Sleep during pregnancy: what changes should you expect?

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Pregnancy sometimes comes with changes in the quality of sleep a woman gets every night. Amazingly, issues relating to sleep during pregnancy can vary depending on the trimester. You could enjoy quality sleep in the first semester and enter the second semester only to find that it is impossible to doze off.

sleep during pregnancy

As your body is going through the process of growing and nurturing a baby, you’ll find that there are so many changes to cope with, including problems with sleep during pregnancy. We’ll show you the changes to expect and how to cope with the discomfort.

Sleep during pregnancy: why is everything different?

Tiredness and fatigue at this point in your life can be attributed to hormones and your rapidly growing body. Pregnancy hormones can make you feel tired, nauseous, irritable, and emotional. As the pregnancy progresses, you will get bigger, which can make it difficult to find a comfortable sleep position.

Usually, once you have adapted and found a comfortable position, frequent urination will have you running from your bed to the toilet and back again. This back and forth movement will end up affecting the quality of your sleep.
Not getting adequate sleep can make your pregnancy experience harder than it needs to be.

Sleep during pregnancy: changes to expect per trimester

According to the NHS, each trimester will bring its own unique set of sleep problems. This is because as your pregnancy advances, your body does different things at different points to accommodate your growing baby.

  1. First trimester sleep problems

Feeling sleepy during the day

Waking up frequently to pee

Difficulty sleeping due to emotional and physical stress that comes with pregnancy

2.  Second trimester sleep problems

During the second semester, the woman can get better quality of sleep because the baby is no longer sitting directly above the bladder at this point. The baby has grown and moved higher, so the pressure and the need to urinate frequently will no longer be a problem.

However, it is possible to still suffer from sleeplessness due to hormonal and physical issues.

3. Third trimester sleep problems

This is the most difficult phase when it comes to sleep during pregnancy. These discomforts are because of:

• The size of the pregnancy

• Frequent urination because the baby is big and constantly moving around

• Leg cramps, heartburn and sinus issues

What are the best sleeping positions during pregnancy?

Before you got pregnant, you could fall sleep in any position without having to worry about it. Now that you are pregnant, not only will some of your pre-pregnancy positions be uncomfortable, but some of them can be really unsafe for the baby.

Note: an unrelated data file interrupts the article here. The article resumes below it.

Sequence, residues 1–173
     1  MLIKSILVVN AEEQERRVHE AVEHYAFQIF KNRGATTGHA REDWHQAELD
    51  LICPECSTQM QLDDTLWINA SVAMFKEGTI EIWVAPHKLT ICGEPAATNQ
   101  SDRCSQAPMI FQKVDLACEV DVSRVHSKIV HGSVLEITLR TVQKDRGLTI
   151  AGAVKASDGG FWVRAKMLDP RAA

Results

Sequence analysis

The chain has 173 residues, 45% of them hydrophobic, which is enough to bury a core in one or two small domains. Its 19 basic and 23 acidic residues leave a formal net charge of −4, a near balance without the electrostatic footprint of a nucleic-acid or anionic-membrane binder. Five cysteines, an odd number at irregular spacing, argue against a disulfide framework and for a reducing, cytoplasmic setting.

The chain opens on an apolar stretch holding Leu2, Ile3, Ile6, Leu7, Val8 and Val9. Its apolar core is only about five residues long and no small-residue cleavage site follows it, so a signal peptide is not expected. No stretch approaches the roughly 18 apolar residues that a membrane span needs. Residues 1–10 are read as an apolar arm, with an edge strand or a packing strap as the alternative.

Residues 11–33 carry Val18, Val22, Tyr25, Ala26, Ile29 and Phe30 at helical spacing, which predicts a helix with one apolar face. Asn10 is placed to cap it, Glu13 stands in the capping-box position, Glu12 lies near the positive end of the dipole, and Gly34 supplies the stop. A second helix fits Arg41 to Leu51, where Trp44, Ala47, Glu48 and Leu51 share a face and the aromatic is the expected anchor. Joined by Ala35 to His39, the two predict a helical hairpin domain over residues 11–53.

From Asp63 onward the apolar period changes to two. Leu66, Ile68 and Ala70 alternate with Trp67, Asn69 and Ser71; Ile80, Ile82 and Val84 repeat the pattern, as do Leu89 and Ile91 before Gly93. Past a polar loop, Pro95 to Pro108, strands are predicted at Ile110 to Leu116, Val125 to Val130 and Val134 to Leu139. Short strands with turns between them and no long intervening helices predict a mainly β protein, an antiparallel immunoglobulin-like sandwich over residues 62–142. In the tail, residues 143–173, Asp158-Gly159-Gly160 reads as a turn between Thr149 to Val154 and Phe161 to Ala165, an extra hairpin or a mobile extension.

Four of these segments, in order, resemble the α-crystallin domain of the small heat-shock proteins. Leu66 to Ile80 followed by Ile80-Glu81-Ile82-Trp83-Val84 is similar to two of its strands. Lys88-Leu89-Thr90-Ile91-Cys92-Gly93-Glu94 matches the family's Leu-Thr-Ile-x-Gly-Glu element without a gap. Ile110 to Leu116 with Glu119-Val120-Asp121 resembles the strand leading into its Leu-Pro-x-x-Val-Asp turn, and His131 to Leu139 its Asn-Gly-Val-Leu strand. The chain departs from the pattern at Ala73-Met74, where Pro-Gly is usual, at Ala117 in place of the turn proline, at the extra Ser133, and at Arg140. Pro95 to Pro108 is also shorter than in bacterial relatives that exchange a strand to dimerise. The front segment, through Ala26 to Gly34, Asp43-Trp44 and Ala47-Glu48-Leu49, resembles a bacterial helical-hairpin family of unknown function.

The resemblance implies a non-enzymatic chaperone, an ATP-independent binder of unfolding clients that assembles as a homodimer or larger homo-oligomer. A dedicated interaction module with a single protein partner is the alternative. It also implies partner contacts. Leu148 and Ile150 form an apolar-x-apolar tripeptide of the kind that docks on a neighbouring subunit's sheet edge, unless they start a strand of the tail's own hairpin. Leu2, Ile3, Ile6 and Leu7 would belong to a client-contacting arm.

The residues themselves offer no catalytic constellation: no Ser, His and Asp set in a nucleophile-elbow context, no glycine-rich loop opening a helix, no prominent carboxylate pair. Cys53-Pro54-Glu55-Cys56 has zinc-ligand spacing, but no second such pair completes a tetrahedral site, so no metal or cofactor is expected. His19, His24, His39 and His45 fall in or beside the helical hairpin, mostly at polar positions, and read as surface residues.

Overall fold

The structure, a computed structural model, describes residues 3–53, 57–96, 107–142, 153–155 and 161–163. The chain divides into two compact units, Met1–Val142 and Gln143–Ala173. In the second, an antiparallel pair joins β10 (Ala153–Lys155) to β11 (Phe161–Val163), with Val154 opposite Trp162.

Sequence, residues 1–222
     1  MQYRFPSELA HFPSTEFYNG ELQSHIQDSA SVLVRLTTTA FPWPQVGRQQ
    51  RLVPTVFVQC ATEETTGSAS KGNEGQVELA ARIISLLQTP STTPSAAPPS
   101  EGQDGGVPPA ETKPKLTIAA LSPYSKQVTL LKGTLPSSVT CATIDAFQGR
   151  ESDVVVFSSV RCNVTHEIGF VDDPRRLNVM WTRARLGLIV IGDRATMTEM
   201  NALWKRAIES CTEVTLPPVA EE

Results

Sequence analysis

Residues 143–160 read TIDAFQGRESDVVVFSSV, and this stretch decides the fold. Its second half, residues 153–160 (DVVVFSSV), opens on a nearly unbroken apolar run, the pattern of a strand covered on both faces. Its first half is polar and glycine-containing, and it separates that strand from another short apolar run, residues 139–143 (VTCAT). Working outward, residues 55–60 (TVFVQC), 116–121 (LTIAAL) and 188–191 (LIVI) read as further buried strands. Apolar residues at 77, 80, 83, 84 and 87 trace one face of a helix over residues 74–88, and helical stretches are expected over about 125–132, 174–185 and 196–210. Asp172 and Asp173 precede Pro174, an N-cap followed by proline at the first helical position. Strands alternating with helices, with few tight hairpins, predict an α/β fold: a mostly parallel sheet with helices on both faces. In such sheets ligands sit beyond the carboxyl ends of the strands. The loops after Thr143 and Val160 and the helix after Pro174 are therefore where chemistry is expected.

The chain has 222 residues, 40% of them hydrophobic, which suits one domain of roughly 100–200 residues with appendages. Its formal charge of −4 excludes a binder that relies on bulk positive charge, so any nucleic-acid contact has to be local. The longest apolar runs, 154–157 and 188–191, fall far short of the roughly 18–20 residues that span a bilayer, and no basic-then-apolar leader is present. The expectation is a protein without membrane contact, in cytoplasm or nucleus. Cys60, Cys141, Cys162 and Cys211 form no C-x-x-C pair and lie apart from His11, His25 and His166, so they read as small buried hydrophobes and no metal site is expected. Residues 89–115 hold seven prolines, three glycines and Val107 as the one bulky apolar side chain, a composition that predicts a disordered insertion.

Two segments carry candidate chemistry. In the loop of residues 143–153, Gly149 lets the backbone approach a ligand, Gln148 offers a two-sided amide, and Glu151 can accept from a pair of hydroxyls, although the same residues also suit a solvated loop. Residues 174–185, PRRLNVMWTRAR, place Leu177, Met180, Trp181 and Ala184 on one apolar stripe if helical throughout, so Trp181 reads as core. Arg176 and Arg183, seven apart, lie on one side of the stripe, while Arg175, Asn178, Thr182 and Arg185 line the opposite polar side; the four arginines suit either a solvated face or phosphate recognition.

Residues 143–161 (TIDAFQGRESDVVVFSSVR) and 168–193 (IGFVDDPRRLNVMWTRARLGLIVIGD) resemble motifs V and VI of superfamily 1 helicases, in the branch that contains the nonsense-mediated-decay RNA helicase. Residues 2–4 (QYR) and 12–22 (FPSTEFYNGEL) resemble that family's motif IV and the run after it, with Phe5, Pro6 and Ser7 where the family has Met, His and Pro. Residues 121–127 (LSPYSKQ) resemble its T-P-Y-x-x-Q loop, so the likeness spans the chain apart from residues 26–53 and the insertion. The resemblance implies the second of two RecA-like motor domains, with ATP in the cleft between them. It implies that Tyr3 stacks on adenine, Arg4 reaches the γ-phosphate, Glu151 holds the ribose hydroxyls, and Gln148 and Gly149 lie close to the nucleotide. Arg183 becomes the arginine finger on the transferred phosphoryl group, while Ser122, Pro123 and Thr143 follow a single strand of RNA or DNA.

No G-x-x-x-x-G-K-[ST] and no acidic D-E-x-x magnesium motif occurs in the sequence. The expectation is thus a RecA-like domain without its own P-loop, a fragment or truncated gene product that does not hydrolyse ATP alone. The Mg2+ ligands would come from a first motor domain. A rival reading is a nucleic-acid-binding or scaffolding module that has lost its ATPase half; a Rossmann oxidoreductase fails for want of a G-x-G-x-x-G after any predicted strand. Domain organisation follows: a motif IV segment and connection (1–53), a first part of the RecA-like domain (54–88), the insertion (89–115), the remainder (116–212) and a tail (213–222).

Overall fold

For your comfort and health, the best sleeping position during pregnancy is the SOS (sleep on side). AmericanPregnancy.org suggests that sleeping on your left side is even better, as it will allow the free flow of blood and nutrients to your placenta.

The SOS position is comfortable if you bend your legs and knees and put a pillow between them. You can also put a pillow under your belly when you are in the SOS position.

sleep during pregnancy

Sleeping on your back during pregnancy

According to the NHS, sleeping on your back after 28 weeks of pregnancy can increase the chances of having a stillbirth. This is because sleeping on your back during pregnancy can cut short the supply of blood and oxygen to the baby.

If you wake up in the middle of the night and find yourself lying on your back, you should immediately turn around and lie on your side.

Sleeping on your stomach

Sleeping on your stomach can be very uncomfortable in advanced stages of pregnancy. It is also an unsafe position for you and your baby.

How to sleep better during pregnancy

WebMD has listed some tips that can help with sleep during pregnancy to include:

• Eat carbs

Foods that are high in carbohydrate can promote sound sleep in pregnancy. You should eat bread, rice, yams, and other healthy carbs.

• Eat proteins

Proteins help you maintain a healthy blood sugar, which can help prevent nightmares and headaches.

• Pillows can help

There are pregnancy pillows to make sleeping more bearable. You should place the pillows under your back and abdomen and between your legs.

• Exercise

Exercise and good sleep go hand-in-hand. When you exercise, your body releases endorphins, also known as the happiness hormone. Endorphins improve your mood and promote sound sleep even when you are pregnant. However, make sure to discuss your exercise routines with your doctor during pregnancy.

• Relaxation techniques

Relaxation techniques like yoga and massage can relax your muscles and help you sleep better.

Things that can affect sleep in pregnancy

• Drinking water too close to your bedtime

• Consuming caffeine

• Poor nutrition

Quality sleep is one of the struggles many pregnant women face. To make sure you get as much sleep as possible, we have provided sleep during pregnancy tips for all three trimesters.

Resource: American Pregnancy

NHS

WebMD

Read Also: Is sleep really essential for health?

Written by

Julie Adeboye